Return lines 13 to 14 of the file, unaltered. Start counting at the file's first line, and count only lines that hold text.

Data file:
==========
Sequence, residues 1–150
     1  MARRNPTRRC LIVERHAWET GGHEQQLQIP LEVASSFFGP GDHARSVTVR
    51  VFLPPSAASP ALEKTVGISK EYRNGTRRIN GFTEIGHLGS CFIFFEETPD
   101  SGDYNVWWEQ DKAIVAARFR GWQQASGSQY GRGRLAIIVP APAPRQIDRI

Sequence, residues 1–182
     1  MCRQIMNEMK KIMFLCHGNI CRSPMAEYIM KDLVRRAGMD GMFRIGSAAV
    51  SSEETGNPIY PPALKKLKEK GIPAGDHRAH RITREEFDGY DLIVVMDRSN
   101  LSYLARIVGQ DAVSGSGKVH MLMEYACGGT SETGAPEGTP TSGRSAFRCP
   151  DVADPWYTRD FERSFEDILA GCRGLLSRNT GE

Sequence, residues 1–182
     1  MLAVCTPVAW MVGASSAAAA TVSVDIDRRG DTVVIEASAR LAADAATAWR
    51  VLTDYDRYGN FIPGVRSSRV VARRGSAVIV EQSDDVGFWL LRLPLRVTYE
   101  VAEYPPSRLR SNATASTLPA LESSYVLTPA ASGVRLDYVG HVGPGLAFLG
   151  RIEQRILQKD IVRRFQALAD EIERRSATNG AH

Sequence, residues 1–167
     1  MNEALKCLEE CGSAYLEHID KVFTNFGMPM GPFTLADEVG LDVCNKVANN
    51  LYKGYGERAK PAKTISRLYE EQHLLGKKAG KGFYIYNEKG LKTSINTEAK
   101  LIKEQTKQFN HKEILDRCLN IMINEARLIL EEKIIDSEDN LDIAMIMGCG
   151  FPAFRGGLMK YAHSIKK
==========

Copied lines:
   101  VAEYPPSRLR SNATASTLPA LESSYVLTPA ASGVRLDYVG HVGPGLAFLG
   151  RIEQRILQKD IVRRFQALAD EIERRSATNG AH